Subject: Would you lend her money to start a business? THIS 'BANK' DID

The New Paper - 21 Dec 2004

Would you lend her money to start a business? THIS 'BANK' DID

By Celine Lim cellsf@sph.com.sg

THINK private banking, and rich customers with bags of money come to mind.

But have you heard of the poor man's bank?

It's called microfinancing.

Chief investment officer William Toh was one of two plucky Singaporeans who helped Ms Helen Todd, a Malaysian born in New Zealand, set up a microfinance programme in East Timor (now Timor Leste) in September 2000.

Moris Rasik, which means ''independent life'' in the local language of Tetum, provides microcredit - the lending of small sums to the poor to start small businesses - to women.

Ms Todd, who has written articles and books on microfinance, runs the programme from Timor Leste. The two Singaporeans helped develop its strategic business plan.

Twice a year, Mr Toh, 48, flies to Timor Leste, at his own expense, to spend two weeks reviewing Moris Rasik's business plan.

The other Singaporean, a publicity-shy woman in her 40s with a finance background, declined to be named. She used to spend three weeks every four months in Timor Leste working on accounting and record-keeping.

Microfinance programmes provide services like microcredit, deposits, money transfers and insurance.

Microcredit may sound commercially unsound, but Mr Toh, whose job with Asia Life Assurance Society is his ''bread and butter'', said: ''Microfinance can be profitable, but not immensely, as the actual earnings of microfinance institutions are not that great initially.''

Moris Rasik faced extra obstacles.

Infrastructure in the districts it served, nearest the Indonesian border, was almost completely destroyed in the 1999 violence that preceded Timor Leste's independence from Indonesia.

When a jeep carrying two staff members collided with a military jeep, Moris Rasik found out only by word-of-mouth: There were no phone services.

Staff members have to carry wads of cash around for operational use, as the only two banks in Timor Leste are in the capital, Dili.

That's at least four hours away.

Still, Moris Rasik hopes to break even by 2007.

Mr Toh emphasised that Moris Rasik pays taxes and audits its accounts, although it is not required to by the Timor Leste government.

His Singaporean colleague said they keep very accurate records to track loan discipline.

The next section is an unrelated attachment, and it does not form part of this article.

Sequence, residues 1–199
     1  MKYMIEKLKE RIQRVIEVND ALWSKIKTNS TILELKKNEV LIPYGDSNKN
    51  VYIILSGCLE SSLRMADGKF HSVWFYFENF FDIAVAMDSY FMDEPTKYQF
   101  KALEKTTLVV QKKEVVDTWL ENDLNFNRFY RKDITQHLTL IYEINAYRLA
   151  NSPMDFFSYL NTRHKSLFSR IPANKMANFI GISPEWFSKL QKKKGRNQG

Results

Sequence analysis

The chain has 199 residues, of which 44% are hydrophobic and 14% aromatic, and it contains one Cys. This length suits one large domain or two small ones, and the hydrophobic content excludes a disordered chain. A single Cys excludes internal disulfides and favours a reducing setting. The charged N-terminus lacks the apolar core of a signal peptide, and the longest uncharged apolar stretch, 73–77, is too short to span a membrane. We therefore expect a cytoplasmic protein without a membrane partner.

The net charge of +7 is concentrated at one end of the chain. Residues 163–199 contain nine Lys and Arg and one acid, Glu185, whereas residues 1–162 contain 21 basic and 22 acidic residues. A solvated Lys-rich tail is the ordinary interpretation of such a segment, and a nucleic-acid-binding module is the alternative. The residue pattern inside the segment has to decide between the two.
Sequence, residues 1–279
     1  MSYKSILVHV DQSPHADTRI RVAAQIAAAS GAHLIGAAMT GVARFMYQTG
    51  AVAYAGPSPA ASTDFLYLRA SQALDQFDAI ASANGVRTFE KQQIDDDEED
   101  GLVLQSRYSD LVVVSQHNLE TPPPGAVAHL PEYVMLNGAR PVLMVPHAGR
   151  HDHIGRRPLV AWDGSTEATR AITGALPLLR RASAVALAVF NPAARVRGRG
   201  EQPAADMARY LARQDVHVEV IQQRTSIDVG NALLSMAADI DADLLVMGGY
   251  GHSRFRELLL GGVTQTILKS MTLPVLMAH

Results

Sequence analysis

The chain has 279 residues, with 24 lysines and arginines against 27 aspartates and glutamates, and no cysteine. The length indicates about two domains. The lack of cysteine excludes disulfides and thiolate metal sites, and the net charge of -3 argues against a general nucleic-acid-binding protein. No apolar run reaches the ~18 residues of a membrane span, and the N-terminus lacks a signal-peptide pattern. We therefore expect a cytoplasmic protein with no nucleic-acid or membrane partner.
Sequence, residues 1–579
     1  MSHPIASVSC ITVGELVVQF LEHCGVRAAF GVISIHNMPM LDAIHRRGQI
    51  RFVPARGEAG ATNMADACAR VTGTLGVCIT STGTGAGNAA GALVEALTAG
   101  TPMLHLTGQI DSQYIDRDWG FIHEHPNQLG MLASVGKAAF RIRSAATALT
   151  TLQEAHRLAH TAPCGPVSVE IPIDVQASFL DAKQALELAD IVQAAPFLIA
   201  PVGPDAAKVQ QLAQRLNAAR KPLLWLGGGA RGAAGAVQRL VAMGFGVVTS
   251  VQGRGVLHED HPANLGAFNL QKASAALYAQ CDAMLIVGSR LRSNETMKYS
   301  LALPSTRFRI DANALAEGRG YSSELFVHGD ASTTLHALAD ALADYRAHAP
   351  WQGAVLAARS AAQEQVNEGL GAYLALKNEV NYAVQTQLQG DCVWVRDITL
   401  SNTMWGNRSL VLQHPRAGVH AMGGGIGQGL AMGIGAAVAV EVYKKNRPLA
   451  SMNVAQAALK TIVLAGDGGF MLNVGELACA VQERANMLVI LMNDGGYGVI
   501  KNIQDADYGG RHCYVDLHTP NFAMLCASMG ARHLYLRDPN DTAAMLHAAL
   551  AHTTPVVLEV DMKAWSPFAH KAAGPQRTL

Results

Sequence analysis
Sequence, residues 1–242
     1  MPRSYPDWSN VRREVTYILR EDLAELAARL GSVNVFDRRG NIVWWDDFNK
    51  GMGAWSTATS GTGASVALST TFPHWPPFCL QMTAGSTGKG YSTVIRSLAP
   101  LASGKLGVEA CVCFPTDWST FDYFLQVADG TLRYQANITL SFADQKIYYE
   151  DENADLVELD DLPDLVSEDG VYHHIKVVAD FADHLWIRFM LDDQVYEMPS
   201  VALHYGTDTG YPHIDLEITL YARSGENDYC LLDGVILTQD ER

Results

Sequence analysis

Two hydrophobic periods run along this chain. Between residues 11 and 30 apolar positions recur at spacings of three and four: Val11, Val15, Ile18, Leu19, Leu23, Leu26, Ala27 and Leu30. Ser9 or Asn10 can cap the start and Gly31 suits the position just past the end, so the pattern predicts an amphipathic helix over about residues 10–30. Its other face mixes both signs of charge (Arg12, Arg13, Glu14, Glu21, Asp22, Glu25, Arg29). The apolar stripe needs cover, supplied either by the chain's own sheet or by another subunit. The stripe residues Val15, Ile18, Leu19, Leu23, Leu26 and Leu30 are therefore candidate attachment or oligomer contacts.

FISHING FOR PROFIT

In 1998, during the Asian economic crisis, the Indonesian banking system collapsed - yet the microbanking unit of Bank Rakyat Indonesia, BRI Units, remained profitable.

A World Bank case study of Bank Rakyat showed that its loan repayment rate stayed high, the deposit volume more than doubled and BRI Units actually emerged stronger than before.

With microfinance services, poor villagers can start their own businesses with a staff of about five people.

Mr Toh said: ''Providing microfinance services is like teaching people how to fish, rather than simply giving them the fish.''

''Most formal financial institutions do not lend money to the poor as they do not have property, which the bank can confiscate if they do not repay the loan.''

But Mr Toh noted that loan repayment rates for microcredit programmes tend to be high, despite high interest rates.

He explained that their clients repay their loans as they find it shameful to owe money.

They also want the next loan, which is given only if they repay the first one.

The average rate of earnings of 63 of the world's top microfinance institutions is comparable to that of commercial banks, reported the MicroBanking Bulletin.

Bankakademie International, a German bank training and consultancy institute, noted that commercial banks are ''slowly waking up to the potential of providing financial services to smaller clients''.

International banks such as DG Bank (Deutsche Genossenschaftsbank) or Citibank offer credit lines for microfinance institutions, according to Bankakademie's website.

Moris Rasik has received financial support from international organisations, including $70,000 from Touch Community Services and $100,000 from the Lee Foundation.

Copyright © 2004 Singapore Press Holdings Ltd. All rights reserved.


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